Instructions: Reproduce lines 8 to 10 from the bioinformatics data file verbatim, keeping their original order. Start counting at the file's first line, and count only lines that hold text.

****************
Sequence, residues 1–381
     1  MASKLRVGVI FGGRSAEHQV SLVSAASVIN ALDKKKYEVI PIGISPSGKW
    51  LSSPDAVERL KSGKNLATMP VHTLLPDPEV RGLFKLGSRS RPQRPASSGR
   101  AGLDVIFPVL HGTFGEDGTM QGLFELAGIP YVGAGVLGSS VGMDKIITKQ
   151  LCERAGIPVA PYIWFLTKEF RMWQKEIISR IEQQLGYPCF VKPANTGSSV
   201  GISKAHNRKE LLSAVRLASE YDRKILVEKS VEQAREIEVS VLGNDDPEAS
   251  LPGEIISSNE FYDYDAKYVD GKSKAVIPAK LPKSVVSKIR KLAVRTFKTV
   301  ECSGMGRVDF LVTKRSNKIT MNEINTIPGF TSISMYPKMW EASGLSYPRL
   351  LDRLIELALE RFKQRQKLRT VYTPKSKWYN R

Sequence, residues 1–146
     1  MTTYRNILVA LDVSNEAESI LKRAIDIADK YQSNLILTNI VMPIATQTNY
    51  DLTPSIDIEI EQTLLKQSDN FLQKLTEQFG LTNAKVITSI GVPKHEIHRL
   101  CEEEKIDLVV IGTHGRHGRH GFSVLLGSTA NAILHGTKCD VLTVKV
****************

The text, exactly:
   301  ECSGMGRVDF LVTKRSNKIT MNEINTIPGF TSISMYPKMW EASGLSYPRL
   351  LDRLIELALE RFKQRQKLRT VYTPKSKWYN R

Sequence, residues 1–146